Bear has ransacked Greek, Hindu and Buddhist mythologies for this story, along with a light dusting of quantum mechanics. Typhon, the personification of Chaos, is the Greek Satan-like figure; Nataraja is the dancing posture of the Hindu God Shiva, lord of destruction/transformation; in Buddhism, a great kalpa is 1.28 trillion years long.

OK, so does it all work? I personally found it hard work. The book is dense with repetitious description of chaotic landscapes, which sap the reader's patience. For much of the time the main characters are engaging in relatively mundane activities or trying to get from one place to another in situations devoid of much tension.
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56 of 63 people found the following review helpful By Patrick Shepherd VINE VOICE on August 25, 2008
Format: Hardcover Verified Purchase
In some ways, this book harks back to some works like Olaf Stapledon's Star Maker, dealing as it does with an incredibly vast sweep of time and across the bounds of the entire cosmos (and beyond). At the same time, embedded within it are some of the latest thoughts and theories about just what makes universe be what it is, from quantum entanglement, the many universes concept, to observer based determination of what the world is and will be.

It starts in the incredibly far future, and the described situation at this starting point is intriguing as we see what's left of humanity (or human-like beings) confined to a small area and fighting a losing battle with Chaos. This early section may be the best part of this book, as everything is weird and new, and hints at the history and genesis of the current situation are dropped into the descriptions of this very odd environ, making for an absorbing interaction between reader and words.

Interspersed with this far-future world is the second major thread of this novel, as we return to the world of today and follow three very unique individuals as they try to figure out just where they fit in the world, why they are being hunted (and by what), what they can do with their special abilities, and just what the connection is between these people and those of the far future.

Up to this point, all very good. But as we proceed deeper into this work, problems appear. First is the language used to describe the Chaos.
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12 of 15 people found the following review helpful By Kamila Z. Miller on November 18, 2008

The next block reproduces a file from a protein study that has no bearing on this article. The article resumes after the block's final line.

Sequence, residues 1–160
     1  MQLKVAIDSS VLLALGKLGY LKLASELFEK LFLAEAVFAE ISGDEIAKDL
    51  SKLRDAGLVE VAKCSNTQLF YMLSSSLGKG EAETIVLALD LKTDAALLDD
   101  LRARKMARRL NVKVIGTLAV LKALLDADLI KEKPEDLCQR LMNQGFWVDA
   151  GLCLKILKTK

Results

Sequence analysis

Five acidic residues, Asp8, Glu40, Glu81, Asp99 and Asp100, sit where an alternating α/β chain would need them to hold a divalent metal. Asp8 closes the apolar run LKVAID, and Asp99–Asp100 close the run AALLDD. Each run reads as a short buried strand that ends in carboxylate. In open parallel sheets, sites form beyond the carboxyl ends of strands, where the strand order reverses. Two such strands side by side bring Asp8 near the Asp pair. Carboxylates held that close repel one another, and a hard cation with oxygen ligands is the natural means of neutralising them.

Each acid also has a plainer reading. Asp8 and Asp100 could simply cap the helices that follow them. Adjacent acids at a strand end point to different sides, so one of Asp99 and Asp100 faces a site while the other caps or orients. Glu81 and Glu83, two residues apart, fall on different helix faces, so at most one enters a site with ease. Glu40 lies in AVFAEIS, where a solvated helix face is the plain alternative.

Format: Hardcover
It took me a bit to warm up to this novel, as it does with any that switch point of view characters often. Also, similar to Jay Lake's "Trial of Flowers" I had a tough time trusting the author enough to become involved with the many unsympathetic characters. And yet, like the Jay Lake work, I was fascinated by them. Predatory, sometimes weak, they nonetheless all developed a (sometimes macabre) charm that made me care about what they would do next, and those characters surprised me at times. The descriptions were hazy, but I filled them in from my own imagination, sometimes based on my reading in physics. I was always delighted when something familiar, either in physics theory or from myth, presented itself. And therein lies the beauty of this work. I guess I've grown tired of having everything spelled out for me. I liked moving in realms that left enough to my imagination that I could be an active reader.

It did have some repetitive elements that detracted from the overall experience, but looking at it from a structural standpoint I'm not sure that the repetition was avoidable. I would have liked to have seen more variety nonetheless. I think, like the characters, at some points Mr. Bear grew fatigued with the immensity of the universe and the contortions he put it through. Also, much as I like some of the heroes in this work, the importance placed on these elements/sets of things seemed a little too transparently aimed at me as a marketing tool rather than making actual sense. But I was willing to buy into it so that I could discover the true nature of the Chaos, Typhon, etc. or at least get enough hints to develop my own satisfying ideas about those things.